The mailbox is an amazing environment. It welcomes communication from the companies we do business with, our insurers, our banks, and from companies who believe we might be interested in their products and services. It is also the depository for invitations, cards, and letters from our family and friends. It is tied to our home address and carries some implied demographic information because of the location information tied to it. It is perceived differently from our email inbox, which often filters inbound communication from our eyes before we get to it. And, while email can carry some demographic information, for the most part, email is not as cognizant of who we are as our trusty mailbox linked to our street address is. That is why mailed communication from our credit card companies, utilities, other billers and transaction communication providers, and government shines when it arrives in the mailbox. And that makes it an opportunity, because the data tells us that the rush to e-delivery may have hit its plateau.

Transactional documents carry gravitas. They are sent by companies we have a financial relationship with or by the governments we interact with. We know when the envelope comes that there is information that is relevant to us. While it is true that some people toss the envelope directly into a filing cabinet in case it is needed, more than 90% of people open their bills and statements when you aggregate the available research. They also read them. And that is not an age-dependent statement!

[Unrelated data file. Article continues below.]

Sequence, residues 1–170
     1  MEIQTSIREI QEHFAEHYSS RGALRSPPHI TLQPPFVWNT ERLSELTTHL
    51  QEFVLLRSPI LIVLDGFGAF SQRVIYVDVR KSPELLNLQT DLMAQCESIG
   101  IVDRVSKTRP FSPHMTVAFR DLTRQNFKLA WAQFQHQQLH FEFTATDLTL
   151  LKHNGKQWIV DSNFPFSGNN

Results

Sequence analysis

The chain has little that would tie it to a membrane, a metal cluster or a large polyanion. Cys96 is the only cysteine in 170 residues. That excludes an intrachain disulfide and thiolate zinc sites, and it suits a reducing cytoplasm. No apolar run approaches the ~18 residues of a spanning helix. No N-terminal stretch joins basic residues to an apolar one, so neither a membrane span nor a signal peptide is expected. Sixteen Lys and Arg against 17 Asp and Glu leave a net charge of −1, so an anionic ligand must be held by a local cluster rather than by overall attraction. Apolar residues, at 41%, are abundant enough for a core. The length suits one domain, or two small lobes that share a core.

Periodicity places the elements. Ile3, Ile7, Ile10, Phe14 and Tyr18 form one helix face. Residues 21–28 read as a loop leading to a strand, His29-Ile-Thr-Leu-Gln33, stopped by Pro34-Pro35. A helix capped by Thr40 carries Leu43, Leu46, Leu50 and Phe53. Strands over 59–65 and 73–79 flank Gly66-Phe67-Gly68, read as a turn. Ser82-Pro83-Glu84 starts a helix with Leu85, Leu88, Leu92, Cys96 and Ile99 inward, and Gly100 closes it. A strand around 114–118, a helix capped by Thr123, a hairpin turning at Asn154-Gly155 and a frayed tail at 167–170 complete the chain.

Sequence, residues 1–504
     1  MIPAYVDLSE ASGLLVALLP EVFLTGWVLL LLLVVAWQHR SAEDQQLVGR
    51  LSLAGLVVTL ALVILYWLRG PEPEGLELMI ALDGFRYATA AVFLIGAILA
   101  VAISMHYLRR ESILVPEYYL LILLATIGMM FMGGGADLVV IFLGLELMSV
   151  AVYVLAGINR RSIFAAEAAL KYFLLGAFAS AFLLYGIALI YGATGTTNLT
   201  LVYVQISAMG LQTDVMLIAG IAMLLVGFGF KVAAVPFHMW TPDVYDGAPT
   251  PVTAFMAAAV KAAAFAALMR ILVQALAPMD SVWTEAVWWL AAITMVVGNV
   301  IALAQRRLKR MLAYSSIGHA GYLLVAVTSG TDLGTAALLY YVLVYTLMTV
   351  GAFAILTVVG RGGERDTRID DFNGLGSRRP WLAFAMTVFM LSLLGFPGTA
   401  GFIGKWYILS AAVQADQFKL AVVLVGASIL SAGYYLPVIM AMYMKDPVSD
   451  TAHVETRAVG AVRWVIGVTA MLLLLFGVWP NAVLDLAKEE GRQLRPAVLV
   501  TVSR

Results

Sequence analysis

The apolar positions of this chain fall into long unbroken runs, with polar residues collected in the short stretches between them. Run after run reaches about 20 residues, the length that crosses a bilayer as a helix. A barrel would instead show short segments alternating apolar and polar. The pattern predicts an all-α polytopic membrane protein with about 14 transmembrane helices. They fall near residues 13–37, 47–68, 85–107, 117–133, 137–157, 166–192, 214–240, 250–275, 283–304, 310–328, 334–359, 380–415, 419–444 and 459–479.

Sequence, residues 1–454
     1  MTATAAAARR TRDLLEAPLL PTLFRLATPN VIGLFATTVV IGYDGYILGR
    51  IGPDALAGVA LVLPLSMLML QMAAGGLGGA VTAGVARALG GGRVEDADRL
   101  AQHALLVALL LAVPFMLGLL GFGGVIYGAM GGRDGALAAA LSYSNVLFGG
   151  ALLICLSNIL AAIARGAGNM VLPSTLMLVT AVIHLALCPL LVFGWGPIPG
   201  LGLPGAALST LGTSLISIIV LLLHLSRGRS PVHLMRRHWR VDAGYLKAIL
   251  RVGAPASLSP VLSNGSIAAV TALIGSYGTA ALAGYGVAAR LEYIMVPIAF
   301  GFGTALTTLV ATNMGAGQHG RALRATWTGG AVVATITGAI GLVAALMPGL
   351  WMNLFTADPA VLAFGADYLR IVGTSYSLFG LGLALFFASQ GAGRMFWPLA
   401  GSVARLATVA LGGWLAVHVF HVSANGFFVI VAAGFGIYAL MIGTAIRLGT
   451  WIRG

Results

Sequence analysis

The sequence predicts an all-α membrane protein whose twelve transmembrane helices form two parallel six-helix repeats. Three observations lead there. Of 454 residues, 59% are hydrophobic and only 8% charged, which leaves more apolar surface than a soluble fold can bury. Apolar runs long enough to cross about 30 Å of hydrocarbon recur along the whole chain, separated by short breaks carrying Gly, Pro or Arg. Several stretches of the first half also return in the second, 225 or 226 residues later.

Research from the Keypoint Intelligence Customer Communication Service has shown for the last two years that customer preferences point to the desire for multiple channels of communication from trusted billers. It’s not just the over-55 cohort! In all age ranges, including the millennials and GenZ segments, more than two-thirds of customers said that they wanted to decide which channel their providers should use for communication, and there was a strong preference for both e-delivery and print.

That shouldn’t be a surprise. Everyone is busy. They want the convenience of quickly checking a bill and paying it online, but also the freedom to spend some time with the printed edition to check line items and the various offers available to them.

You have their attention, so use it to put your best, targeted offers in front of your constituents! The opening volley of TransPromo, back in 2007, was to call attention to the power of a whitepaper factory for transactional communication. Eliminate the preprinted shells by printing the entire package on a full color press, and then leverage the available whitespace by adding educational and promotional content targeted to the recipient.

Whether you call it TransPromo or something else, you see it on bills and statements from all sectors today. That graph that shows your FICO score or information how to get help if you are impacted by a disaster are all based on the same ideas that began with the first forays into TransPromo. And, today, the options are more varied than ever before.